This week, a 58-year-old patient became the second person in the world to have a genetically modified pig’s heart transplanted – a new example of a very active area of research in recent years.
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Such an operation was first performed in 2022 at the same institution, the University of Maryland School of Medicine, in the United States.
Then-patient David Bennett died about two months after the procedure “due to a variety of factors, including poor health” before the transplant, the university wrote in a statement Friday.
Such transplants of animal organs into humans, so-called xenografts, could offer a solution to the chronic shortage of organ donations. There are currently more than 100,000 Americans on the transplant waiting list.
The new operation took place on September 20th. Lawrence Faucette, a retired former soldier, suffered from a serious heart condition that almost certainly doomed him. He was not eligible for a human heart transplant and this solution was therefore “the only option” for him, the press release said.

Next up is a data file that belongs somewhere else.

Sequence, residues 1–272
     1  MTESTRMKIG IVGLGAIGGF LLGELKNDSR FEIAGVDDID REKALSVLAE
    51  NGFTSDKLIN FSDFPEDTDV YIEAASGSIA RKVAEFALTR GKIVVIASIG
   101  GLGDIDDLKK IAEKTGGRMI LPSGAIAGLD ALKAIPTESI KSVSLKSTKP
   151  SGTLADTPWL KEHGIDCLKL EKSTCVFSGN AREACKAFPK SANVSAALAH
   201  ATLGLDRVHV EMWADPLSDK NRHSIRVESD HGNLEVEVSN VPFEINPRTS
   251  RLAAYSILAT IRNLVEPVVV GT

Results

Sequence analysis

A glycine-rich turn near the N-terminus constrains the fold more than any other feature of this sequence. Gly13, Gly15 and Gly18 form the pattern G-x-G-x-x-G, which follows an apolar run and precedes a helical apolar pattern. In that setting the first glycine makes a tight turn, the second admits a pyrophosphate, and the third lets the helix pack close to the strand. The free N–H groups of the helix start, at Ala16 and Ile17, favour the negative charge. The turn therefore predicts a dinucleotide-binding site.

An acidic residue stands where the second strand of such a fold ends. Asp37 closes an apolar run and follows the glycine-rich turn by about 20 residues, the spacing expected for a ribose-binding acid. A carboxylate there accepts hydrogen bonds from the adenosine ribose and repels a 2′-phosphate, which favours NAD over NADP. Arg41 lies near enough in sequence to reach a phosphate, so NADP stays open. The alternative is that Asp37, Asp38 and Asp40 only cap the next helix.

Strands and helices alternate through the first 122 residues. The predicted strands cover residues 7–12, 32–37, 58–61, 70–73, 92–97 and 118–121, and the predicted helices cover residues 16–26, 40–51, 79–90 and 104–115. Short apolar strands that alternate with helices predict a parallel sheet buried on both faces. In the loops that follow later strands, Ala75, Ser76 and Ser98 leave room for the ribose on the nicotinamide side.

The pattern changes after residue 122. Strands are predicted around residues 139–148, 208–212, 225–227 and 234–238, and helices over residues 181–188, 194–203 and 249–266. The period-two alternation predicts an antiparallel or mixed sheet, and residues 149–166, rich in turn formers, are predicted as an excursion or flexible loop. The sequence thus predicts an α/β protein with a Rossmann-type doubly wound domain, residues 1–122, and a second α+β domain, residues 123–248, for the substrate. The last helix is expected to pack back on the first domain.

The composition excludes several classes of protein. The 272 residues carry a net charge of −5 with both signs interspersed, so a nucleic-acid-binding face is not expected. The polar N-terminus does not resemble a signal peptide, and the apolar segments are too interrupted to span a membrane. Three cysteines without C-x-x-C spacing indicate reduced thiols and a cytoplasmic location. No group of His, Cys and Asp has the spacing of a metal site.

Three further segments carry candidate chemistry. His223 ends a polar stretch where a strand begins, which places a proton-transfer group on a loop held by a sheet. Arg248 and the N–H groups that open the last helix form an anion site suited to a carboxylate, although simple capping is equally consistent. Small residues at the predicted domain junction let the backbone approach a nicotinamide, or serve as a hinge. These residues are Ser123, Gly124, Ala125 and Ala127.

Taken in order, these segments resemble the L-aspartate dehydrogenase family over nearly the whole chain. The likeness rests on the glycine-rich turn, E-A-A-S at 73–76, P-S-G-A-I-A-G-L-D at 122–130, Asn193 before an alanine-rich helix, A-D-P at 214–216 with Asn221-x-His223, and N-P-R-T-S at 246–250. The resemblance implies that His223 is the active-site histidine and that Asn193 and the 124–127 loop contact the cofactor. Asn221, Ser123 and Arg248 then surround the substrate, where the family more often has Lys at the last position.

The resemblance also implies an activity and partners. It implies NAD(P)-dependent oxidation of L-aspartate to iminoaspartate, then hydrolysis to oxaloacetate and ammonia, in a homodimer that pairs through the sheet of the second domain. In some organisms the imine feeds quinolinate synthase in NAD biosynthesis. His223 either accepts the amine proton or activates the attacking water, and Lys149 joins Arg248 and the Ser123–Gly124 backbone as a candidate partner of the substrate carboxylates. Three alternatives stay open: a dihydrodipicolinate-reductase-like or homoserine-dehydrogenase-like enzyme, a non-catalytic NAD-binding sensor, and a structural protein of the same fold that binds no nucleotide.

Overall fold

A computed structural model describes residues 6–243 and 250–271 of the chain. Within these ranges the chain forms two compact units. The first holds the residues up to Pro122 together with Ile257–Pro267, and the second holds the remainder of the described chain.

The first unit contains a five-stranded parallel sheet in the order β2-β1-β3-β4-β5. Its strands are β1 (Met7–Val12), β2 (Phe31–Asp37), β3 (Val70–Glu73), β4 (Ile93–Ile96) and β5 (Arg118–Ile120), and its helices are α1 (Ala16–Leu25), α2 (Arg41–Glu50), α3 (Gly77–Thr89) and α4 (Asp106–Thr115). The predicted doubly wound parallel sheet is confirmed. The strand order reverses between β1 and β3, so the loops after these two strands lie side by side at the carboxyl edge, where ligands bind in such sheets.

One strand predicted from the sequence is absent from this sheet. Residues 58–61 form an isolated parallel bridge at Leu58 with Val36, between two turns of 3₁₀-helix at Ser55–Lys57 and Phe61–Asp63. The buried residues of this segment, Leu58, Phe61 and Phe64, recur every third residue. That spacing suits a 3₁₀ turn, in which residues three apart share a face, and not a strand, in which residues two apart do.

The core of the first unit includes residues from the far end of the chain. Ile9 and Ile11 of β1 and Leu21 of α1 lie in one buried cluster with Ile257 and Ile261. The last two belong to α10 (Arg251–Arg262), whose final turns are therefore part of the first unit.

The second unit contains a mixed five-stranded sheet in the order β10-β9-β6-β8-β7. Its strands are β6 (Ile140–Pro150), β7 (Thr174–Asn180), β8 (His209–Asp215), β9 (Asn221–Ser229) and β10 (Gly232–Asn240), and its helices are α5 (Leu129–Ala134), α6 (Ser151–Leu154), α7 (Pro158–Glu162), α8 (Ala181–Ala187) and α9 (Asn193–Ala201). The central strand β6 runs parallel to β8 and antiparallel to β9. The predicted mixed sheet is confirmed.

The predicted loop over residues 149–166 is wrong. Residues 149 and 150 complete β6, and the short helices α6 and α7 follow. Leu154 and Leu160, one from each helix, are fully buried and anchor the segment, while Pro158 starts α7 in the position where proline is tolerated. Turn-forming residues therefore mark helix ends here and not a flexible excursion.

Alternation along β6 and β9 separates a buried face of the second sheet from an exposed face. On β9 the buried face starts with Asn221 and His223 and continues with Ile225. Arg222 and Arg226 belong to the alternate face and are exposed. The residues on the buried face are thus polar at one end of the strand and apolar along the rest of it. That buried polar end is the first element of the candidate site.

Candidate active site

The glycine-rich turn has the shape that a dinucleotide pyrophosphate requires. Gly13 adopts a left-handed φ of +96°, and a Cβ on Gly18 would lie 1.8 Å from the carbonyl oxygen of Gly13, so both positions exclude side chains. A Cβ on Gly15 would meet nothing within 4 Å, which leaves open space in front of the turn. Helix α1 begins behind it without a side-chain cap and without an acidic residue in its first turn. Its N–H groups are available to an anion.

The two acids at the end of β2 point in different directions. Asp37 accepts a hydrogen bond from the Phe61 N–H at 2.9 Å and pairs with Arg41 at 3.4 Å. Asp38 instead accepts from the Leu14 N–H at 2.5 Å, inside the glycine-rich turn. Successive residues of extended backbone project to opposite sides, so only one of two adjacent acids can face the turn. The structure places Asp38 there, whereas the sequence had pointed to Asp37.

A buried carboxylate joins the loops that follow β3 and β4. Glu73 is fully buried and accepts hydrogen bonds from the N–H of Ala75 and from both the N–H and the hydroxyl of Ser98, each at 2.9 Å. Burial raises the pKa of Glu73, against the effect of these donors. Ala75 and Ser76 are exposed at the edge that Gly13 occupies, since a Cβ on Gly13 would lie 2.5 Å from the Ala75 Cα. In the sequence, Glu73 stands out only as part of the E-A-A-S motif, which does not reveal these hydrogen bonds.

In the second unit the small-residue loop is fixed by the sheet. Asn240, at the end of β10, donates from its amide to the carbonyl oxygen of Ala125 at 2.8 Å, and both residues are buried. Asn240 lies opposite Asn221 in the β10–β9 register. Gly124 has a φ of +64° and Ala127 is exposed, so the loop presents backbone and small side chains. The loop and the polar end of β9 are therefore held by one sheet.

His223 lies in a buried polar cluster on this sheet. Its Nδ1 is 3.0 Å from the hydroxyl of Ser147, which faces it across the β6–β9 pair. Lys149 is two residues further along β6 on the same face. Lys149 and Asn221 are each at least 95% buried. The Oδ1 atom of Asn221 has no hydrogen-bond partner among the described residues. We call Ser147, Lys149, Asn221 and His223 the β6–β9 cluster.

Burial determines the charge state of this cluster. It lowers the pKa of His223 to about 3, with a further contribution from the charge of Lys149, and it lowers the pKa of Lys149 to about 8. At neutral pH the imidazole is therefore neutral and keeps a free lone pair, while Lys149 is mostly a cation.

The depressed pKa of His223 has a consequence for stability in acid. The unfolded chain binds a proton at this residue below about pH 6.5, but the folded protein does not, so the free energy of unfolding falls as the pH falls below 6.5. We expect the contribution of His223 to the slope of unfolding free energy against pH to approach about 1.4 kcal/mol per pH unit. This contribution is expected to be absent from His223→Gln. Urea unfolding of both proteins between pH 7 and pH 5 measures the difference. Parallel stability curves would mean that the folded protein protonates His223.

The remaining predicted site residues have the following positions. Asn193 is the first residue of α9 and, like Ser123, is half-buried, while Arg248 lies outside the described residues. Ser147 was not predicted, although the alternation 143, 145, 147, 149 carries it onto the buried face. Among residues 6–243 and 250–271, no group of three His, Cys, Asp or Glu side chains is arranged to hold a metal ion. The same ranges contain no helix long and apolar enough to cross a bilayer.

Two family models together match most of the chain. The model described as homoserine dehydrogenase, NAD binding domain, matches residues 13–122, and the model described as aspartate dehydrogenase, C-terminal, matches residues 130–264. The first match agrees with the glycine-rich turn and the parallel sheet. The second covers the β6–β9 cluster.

“At least now I have hope and a chance,” he explained before the intervention, according to the same source.
“We have no expectations other than to spend more time together,” his wife said. “It can be as simple as sitting on the porch and drinking coffee together.”
According to doctors, Lawrence Faucette is currently breathing on his own and his new heart is functioning well without help.
He is taking immunosuppressive treatments and “a new antibody therapy” to avoid rejection.
Xenografts present a challenge because the recipient’s immune system tends to attack the foreign organ. For this reason, pigs are genetically modified to reduce this risk as well.
Recently, kidney transplants from genetically modified pigs have also been carried out in brain-dead patients.
The Transplant Institute at NYU Langone Hospital in New York announced this month that it successfully operated on a pig kidney from a deceased person for two months, a record.